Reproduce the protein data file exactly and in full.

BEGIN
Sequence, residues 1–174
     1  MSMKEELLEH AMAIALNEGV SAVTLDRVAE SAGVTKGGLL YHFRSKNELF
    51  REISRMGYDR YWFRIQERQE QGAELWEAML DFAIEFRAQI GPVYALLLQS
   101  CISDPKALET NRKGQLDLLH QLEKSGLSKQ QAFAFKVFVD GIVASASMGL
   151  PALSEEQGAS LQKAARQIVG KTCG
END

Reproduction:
Sequence, residues 1–174
     1  MSMKEELLEH AMAIALNEGV SAVTLDRVAE SAGVTKGGLL YHFRSKNELF
    51  REISRMGYDR YWFRIQERQE QGAELWEAML DFAIEFRAQI GPVYALLLQS
   101  CISDPKALET NRKGQLDLLH QLEKSGLSKQ QAFAFKVFVD GIVASASMGL
   151  PALSEEQGAS LQKAARQIVG KTCG